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Computers and the Law

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PB/INFO/005

Please note that this factsheet is written with no legal expertise and that no-one should take any action based solely on its content.  In particular, readers outside England and Wales may be subject to different legal systems.

Most people who work with computers will have at least heard of the Computer Misuse Act and the Data Protection Act: from their titles alone it is clear that these apply to computers. However there are a number of other, less obvious, Acts of Parliament (see below) which may well apply to you, especially if you are involved in operating or managing computer systems or networks. While none of them can be recommended as light reading, it is worth having some idea of how they may affect you.

Of course there are also a very large number of ‘real world’ crimes that can be committed with the assistance of a computer. These range from defamation and violation of copyright through blackmail and harassment to pornography. Contrary to popular opinion the Internet is not ‘lawless’ and the fact that an offence is committed through electronic means does not make it any less of an offence, nor is it likely to mitigate the punishment.

Public Acts of Parliament are now available online at www.legislation.gov.uk

Definitive copies of all Acts can be purchased as paper documents from the Office of Public Sector Information (formerly HMSO) or their agents, and may also be available in libraries.

The Joint Information Services Committee (JISC) funds a service providing information on the legal implications of Information Technology

We recommend that organisations should establish contact with their local police force before they have problems.  Such relationships can be highly beneficial to both sides.  All police forces now have designated officers who specialise in computer crime. If you do not know who to talk to in your area, Janet CSIRT (Computer Security Incident Response Team) has contacts in several forces and may therefore be able to help: irt@csirt.ja.net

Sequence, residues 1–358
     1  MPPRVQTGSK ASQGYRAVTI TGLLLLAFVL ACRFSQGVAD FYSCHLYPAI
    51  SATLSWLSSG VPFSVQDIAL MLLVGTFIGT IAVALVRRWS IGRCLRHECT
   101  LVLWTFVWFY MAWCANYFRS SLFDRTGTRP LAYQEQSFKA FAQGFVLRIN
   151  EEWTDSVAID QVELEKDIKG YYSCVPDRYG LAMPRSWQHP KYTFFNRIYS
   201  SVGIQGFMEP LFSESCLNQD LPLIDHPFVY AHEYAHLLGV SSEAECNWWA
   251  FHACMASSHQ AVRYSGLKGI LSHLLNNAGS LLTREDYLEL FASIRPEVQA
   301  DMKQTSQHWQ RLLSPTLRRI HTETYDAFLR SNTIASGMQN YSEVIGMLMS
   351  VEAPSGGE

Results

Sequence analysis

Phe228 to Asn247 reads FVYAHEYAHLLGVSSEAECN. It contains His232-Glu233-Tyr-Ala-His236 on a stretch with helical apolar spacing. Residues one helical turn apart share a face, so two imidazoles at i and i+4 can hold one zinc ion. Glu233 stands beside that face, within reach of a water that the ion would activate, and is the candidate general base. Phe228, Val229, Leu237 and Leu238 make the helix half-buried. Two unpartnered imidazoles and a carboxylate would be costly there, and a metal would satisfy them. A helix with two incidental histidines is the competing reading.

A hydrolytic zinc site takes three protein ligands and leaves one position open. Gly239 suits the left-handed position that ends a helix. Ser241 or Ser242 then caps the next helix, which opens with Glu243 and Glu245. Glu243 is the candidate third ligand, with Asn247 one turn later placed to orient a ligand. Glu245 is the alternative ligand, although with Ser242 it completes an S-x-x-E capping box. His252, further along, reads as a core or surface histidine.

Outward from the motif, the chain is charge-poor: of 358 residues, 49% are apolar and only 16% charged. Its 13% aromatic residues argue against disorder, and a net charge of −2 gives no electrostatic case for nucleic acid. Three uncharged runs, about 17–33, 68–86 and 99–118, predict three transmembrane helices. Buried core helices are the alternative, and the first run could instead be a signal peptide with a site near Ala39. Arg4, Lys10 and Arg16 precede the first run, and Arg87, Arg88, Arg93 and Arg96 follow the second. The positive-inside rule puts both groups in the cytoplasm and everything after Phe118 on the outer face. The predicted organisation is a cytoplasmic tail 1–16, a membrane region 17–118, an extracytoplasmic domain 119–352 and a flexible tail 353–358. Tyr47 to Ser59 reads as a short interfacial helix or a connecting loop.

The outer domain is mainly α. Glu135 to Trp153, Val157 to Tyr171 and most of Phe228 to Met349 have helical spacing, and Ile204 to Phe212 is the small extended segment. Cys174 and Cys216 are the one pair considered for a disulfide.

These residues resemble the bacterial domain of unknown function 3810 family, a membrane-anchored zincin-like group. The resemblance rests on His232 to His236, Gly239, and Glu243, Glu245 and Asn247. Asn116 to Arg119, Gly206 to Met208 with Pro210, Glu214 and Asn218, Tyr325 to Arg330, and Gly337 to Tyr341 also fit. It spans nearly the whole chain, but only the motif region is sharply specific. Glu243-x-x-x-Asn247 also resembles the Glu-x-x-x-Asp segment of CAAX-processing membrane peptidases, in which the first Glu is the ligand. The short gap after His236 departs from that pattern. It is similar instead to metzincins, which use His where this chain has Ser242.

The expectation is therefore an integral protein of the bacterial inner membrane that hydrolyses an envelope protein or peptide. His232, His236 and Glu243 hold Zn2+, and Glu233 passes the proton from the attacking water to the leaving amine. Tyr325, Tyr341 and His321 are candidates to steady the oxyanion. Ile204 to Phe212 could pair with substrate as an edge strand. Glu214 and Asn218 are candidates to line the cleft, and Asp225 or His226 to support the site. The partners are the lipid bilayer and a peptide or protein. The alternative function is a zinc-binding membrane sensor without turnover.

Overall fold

Regulation of Investigatory Powers Act 2000

This Act defines rules for interception of traffic on all postal and telecommunications networks. It applies to all users and operators of networks, whether local or wide area, and to any action which may cause the content of a message to become known to people other than the sender and recipient. The Act and its supporting regulations only authorise certain groups to examine traffic on networks and restrict the purposes for which monitoring and recording can be used.

Monitoring for business purposes, such as ensuring compliance with acceptable use policies, is only permitted after users have been informed. This is the subject of a separate statutory instrument (S.I. 2000 No. 2699)

The Act also gives powers to the police and other authorities to require disclosure of information that organisations keep about the use of their computers and networks. More details are available in the Janet Guidance Note on Logfiles

The Information Commissioner's Employment Practices Codes advise how to comply with the Regulation of Investigatory Powers and Data Protection Acts. The Codes are available from the Commissioner’s website.

Malicious Communications Act 1988

This Act makes it an offence in England and Wales to send a message intending to cause distress or anxiety, whether this takes the form of threat, offensive material or false statements. The offence would be dealt with in Scotland as a breach of the peace and in Northern Ireland by a separate order. Such messages will also contravene the Acceptable Use Policies of most computer networks, including Janet.

Computer Misuse Act 1990

This Act deals with unauthorised access to, or modification of, computer material. Its scope is remarkably wide, including almost any attempt to modify or impair the function or reliability of any computer, program or data without authority to do so. The offender must be aware at the time that their action is unauthorised; for this reason it is recommended that login and other banners be displayed wherever possible.

Sections 35 to 38 of the Police and Justice Act 2006 amend the Computer Misuse Act 1990 to cover denial of service attacks as well as the creation, supply and obtaining of tools for committing offences. Guidance on these new offences is available from the Crown Prosecution Service.

Data Protection Act 1998

This Act, and related European Union legislation, controls the collection, processing, use and disclosure of information about identifiable individuals. The Act covers information held in both electronic and paper form. Information about the Act and advice on complying with it are available from the Office of the Information Commissioner